Canadian scientists to develop decision making tool for sustainability goals – Pig Progress

Scientists at the Western College of Veterinary Medicine at the University of Saskatchewan are developing a tool that supports on farm decision making to reach welfare and sustainability goals.
Funding from the Natural Sciences and Engineering Research Council of Canada (NSERC), the University of Saskatchewan and 14 industry partners fubd the tool’s development.
Dr. Yolane Seddon, the NSERC Industrial Research Chair in Swine Welfare, leads the research. She is also an adjunct research scientist with the Prairie Swine Centre.
The research team, including 4 scientists and technicians, will gather data for the tool’s development from interviewing 2 sources, producers and pig herd veterinarians in Canada and the US.
“We aim to produce a tool that will support decision making on the farm that will influence animal welfare. We will also reserch how it interacts with business, profitability and environmental emissions and therefore, overall business sustainability goals that could influence market access,” Seddon explained to local media.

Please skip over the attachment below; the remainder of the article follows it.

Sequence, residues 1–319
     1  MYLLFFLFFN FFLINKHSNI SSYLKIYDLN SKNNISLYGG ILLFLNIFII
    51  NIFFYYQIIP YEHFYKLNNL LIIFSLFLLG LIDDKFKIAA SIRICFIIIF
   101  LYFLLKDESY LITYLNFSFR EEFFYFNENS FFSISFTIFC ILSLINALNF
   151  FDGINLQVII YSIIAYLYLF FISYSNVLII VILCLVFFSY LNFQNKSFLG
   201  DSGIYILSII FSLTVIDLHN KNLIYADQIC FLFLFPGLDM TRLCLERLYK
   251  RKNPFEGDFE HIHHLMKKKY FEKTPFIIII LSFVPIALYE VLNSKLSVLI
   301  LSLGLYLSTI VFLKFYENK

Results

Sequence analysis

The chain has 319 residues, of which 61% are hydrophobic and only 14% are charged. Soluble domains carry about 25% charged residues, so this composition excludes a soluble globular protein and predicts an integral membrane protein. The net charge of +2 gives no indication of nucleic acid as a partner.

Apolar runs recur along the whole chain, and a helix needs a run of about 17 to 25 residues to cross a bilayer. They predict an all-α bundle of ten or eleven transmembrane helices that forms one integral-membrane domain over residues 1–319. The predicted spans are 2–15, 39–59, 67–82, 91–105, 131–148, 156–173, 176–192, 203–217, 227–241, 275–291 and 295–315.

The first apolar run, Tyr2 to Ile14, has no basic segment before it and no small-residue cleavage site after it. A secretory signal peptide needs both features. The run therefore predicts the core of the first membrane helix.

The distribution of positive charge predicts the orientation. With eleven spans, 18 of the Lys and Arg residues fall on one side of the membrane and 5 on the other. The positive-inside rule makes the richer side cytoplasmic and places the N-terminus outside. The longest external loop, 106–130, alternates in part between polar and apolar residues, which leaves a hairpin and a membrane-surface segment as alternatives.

Each interview will address a wide range of topics, including what indicators producers use to monitor welfare and how production decisions relates to animal welfare as well as environmental, profit and staff sustainability.
Seddon noted that this sort of data has not been gathered before, and she believes “it is really valuable to hear the industry’s side of the story.”
As the tool is developed, information will first be shared with participants. They will also get to try the tool after a demonstration. Seddon and her colleagues aim to have the final version finished by early 2025.”
There are 4 other main NSERC Industrial Research Chair in Swine Welfare research goals. One is to examine whether enrichment in the form of extra space, physical enrichments and positive human contact during lactation and/or the nursery period will result in improved pig stress resilience, behavioural development and growth rate.
Another goal is to identify methods that effectively stimulate play behaviour in growing pigs, and the potential physiological benefits of play.
Goal 3 addresses improved understanding of biomarkers of pig welfare, and Goal 4 addresses how carcass assessment at slaughter inform about animal welfare at different stages of the value chain.

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